We call this exhibit Una Storia Segreta for two reasons: one, the country, including the government, has never fully acknowledged these events; two, many of the families involved have never wanted to talk about it. Many were humiliated by the treatment of spouses or relatives, and are still angry about it.
More than fifty years later, we are able to prepare this exhibit because of the persistence of a few researchers in probing government archives, and the forthright responses of the families who do want their stories told.
Aside from these sources, surprisingly little has been written. One of the excludees, Remo Bosia, published a book in 1971 about his experiences. In 1983 the report of the U.S. Commission on Wartime Relocation and Internment included a chapter on German Americans, mentioning Italians only to say that the Justice Department had interned 264 of them. More of the story was filled out with the publication in 1985 of John Christgau's book Enemies: World War II Alien Internment, about German Americans interned in North Dakota, and again in 1990 with Stephen Fox's The Unknown Internment: An Oral History of the Relocation of Italian Americans During World War II. Yet half a century later, the story remains incomplete. Some of the records remain classified, FBI files are censored, and requests for information can wait years for a response.
Joe Favazza, left, and Joe Sollecito of the Italian Heritage Society of Monterey installing Una Storia Segreta in August 1994.
Recent attempts to obtain some redress for the wartime treatment do show signs of movement. At the 1992 California convention of the Sons of Italy, their Social Justice Commission passed a resolution requesting "full public disclosure of the injustices suffered by Italo-Americans during World War II, and . . . that apology be made not only to Americans of Italian ancestry, but to the nation as a whole." One man, S. H. Bianchini of Monterey, was responsible for bringing this matter to the attention of the Sons of Italy.
Unfortunately, the response to this resolution from the U.S. Department of Justice addressed only the fact that "a relatively small number of ethnic Germans and Italians received individual exclusion orders in contrast to the mass detention of Japanese Americans." Could it be that the current Department of Justice does not even know about the Army-initiated internments and evacuations? And, even if they know, do they not think it important to acknowledge the injustice done to thousands of Italians who had to evacuate their homes? In Canada, where Italian aliens were also interned, the government issued a public apology in 1990.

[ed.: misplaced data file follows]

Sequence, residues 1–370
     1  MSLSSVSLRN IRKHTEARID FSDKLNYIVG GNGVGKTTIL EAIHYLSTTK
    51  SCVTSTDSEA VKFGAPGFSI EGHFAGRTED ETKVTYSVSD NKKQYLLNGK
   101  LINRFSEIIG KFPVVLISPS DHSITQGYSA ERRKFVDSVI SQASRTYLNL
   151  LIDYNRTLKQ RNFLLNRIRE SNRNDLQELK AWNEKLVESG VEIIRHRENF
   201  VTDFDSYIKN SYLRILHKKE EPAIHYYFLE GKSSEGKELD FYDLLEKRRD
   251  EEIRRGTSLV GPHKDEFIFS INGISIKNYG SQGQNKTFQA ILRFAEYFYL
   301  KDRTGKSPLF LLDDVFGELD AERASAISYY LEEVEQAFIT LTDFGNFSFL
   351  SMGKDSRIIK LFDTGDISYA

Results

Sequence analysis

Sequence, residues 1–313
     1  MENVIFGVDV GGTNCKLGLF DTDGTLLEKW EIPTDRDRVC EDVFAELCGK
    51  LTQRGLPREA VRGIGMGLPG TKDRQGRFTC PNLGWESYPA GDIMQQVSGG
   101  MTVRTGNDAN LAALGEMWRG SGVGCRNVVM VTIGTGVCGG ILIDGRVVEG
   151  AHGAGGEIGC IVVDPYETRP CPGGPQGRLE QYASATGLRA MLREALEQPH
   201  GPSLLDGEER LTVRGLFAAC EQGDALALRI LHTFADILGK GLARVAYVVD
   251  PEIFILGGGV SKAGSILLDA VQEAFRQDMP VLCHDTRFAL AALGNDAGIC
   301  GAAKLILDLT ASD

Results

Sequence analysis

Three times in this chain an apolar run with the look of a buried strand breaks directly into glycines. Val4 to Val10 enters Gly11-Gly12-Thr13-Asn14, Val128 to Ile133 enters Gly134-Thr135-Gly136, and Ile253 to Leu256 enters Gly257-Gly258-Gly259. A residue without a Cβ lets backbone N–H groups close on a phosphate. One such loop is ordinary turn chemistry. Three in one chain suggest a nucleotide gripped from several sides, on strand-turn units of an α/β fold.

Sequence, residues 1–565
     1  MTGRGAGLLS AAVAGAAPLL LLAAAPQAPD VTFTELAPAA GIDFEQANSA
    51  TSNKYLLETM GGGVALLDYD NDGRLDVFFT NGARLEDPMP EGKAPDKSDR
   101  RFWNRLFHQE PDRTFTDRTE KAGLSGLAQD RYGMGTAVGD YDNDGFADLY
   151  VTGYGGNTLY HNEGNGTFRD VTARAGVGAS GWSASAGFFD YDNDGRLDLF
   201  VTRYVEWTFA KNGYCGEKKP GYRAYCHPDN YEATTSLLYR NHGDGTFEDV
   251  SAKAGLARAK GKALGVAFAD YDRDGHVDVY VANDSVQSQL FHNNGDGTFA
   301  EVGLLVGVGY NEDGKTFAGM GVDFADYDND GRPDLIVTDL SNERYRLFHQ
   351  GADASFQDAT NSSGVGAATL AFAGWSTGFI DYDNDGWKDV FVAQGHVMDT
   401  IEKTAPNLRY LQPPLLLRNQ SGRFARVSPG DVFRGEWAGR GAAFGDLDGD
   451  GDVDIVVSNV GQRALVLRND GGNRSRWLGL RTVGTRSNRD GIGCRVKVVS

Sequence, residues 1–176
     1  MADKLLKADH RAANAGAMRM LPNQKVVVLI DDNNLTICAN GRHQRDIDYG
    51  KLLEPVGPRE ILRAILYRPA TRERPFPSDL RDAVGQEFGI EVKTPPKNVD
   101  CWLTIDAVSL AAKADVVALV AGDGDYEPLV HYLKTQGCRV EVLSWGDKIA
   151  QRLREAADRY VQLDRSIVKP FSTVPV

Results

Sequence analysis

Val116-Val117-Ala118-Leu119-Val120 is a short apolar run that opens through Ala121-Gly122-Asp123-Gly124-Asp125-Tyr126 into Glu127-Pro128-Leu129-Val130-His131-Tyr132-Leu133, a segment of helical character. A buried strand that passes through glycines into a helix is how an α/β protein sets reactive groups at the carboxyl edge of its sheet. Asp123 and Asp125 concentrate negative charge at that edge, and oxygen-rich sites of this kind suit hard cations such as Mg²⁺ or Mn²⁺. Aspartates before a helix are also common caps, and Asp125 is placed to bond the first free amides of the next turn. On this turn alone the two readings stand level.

Panels commemorating Monterey Italian Americans affected by the wartime restrictions add previously unknown details to Una Storia Segreta.
A number of initiatives recently begun by other groups in this country also suggest that the time for an Italian American petition is at hand. Interned German Americans have taken their case to the courts. Also preparing a court case are the Japanese Peruvians who, though unjustly and illegally sent to the U.S. to be interned, were not included in the 1988 Civil Liberties Act granting apologies and reparations to the interned Japanese Americans.
That the authorities of the time suspected an injustice is clear. In the FBI files of some Italian internees, researchers have found copies of a July 1943 memo from Attorney General Francis Biddle, declaring his opinion that the Custodial Detention List was "invalid"; that the evidence used to declare an alien "dangerous" was inadequate because it lacked evidence of illegal actions; and that the episode was "a mistake that should be rectified for the future."
Nevertheless, whenever conflict between the U.S. and another country erupts, the talk of internment of the nationals involved flares once again. During the Cold War, it was the Russians; then it was the Cubans; and as recently as the 1990 Gulf War, Iraqi Americans were threatened with internment.
It is time America realized what is fundamental to its creed: to condemn one of us on the basis of our origins, national or otherwise, is to condemn us all.